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Entropy is a measure for the number of states accessible to a system. The more states available, the higher the entropy. If you think of an atom confined in a volume V, then, without further restrictions, the atom can be anywhere inside that volume, i.e. the number of states will be a function of the volume V. The bigger the volume, the bigger the entropy. ...


3

Ahh entropy. The bane of many undergraduates. You won't need a lot of mathematical rigor needed to solve for absolute entropies in most biological fields so it's best to think of it abstractly. Consider the atom. What can it do? Well if you remember from chemistry class, it can bounce around a process we call translate, and the electrons can basically ...


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As this table shows, the more complex a molecule is (in general) the more entropy it has. Entropy is an absolute quantity which is zero at $0^o K.$ When an atom or molecule has no way to rotate (is 'frozen') there is only one state in which it can exist. An atom of a gas or a molecule of a diatomic gas at $25^oC$ is also somewhat constrained compared to a ...


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I don't know if this is helpful in the context of moving from RNA to DNA world, but I do know that certain mutations to T7 RNA polymerase will allow that enzyme to use 2' deoxy nucleotides in addition to the normal ribonucleotides. These mutations were discovered by humans engineering the enzyme, but it's feasible that some transitional enzyme could have ...


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Why bother predicting proteins badly from DNA sequence when you could have just as well downloaded the manually curated human proteome? As to your questions: Are you asking about human genomes or genomes in general? The vast majority of the variance in human genomes is in non-coding sequence. As to genomes in general, they vary in pretty much every ...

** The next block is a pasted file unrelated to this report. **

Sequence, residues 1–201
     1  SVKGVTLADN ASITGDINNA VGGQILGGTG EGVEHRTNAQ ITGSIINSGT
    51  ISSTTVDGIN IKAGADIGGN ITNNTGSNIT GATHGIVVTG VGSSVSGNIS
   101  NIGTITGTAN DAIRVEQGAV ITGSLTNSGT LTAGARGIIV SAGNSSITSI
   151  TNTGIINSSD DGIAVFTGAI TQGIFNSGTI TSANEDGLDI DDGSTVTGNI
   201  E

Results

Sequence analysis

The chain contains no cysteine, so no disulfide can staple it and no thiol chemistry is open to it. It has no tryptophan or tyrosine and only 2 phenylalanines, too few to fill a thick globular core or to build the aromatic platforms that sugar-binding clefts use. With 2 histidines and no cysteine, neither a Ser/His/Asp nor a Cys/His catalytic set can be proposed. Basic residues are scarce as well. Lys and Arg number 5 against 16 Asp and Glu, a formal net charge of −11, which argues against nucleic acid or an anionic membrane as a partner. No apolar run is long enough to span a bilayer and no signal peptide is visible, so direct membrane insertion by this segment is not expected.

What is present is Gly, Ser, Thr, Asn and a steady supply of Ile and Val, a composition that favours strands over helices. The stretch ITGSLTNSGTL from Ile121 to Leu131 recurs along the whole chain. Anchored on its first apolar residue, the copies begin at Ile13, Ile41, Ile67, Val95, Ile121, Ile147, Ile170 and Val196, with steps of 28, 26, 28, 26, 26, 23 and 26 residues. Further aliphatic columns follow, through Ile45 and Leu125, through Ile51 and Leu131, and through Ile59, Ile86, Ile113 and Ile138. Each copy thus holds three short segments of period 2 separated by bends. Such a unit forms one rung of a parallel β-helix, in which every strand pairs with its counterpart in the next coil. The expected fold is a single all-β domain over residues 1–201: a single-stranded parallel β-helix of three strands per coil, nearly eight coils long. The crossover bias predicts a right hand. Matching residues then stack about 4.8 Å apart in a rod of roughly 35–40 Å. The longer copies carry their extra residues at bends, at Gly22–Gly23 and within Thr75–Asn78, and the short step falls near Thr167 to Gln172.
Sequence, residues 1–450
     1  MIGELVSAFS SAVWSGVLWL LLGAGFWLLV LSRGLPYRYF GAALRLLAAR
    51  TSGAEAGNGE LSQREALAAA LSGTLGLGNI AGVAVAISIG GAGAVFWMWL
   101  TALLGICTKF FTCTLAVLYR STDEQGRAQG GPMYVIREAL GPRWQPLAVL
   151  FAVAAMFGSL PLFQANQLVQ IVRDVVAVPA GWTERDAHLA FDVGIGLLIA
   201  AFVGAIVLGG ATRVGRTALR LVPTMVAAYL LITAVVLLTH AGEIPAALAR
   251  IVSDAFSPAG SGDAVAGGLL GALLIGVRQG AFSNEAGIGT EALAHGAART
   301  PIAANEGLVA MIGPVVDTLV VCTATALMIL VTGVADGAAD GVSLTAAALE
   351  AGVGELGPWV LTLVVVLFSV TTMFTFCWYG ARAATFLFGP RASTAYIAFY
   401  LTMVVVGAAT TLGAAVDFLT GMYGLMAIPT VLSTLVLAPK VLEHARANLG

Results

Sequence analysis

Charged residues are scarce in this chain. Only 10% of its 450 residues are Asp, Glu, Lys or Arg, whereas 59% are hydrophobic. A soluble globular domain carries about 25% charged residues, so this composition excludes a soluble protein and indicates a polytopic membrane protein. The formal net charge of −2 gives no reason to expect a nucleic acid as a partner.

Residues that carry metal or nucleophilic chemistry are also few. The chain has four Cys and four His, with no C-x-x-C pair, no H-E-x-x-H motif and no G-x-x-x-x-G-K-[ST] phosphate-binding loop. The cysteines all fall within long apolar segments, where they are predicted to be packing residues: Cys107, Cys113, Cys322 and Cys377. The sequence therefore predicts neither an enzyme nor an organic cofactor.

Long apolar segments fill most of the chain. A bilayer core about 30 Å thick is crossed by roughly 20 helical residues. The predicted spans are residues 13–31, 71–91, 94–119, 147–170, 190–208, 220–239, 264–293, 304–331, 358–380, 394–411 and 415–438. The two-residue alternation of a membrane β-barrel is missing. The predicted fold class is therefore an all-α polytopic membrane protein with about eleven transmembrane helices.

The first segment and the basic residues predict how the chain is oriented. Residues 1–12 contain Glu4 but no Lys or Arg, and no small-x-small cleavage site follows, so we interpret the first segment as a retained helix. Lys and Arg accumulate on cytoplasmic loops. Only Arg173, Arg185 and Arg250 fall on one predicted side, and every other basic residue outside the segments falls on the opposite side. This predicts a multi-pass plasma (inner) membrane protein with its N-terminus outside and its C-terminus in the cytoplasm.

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No, your approach will not work, you are taking a very simplistic view of an extremely complex system. Some of the problems you are ignoring are: Genes (eukaryotic genes anyway) are spliced to produce mRNA, a process that removes introns and leaves only the exons. If you just translate the entire chromosome file you will get noise. Splicing also changes ...


1

Your problem will finally boil down to searching your sequence in the Blast databases. Performing Blast seems to be probably the best way to find out if your bacteria has that specific protein expressed or not. If you could not find it in the nearest species using Blast, then try running PSI-BLAST, which would return you distant homologs, by which you can ...


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Yes, this is true. This flow of information is called the "Central dogma of Molecular Biology". It basically describes the flow of information from DNA to RNA to proteins. Since a virus needs to amplify its genetic information before it can take over the infected cell and make only viral proteins and its genetic information, it has two possible options. DNA ...



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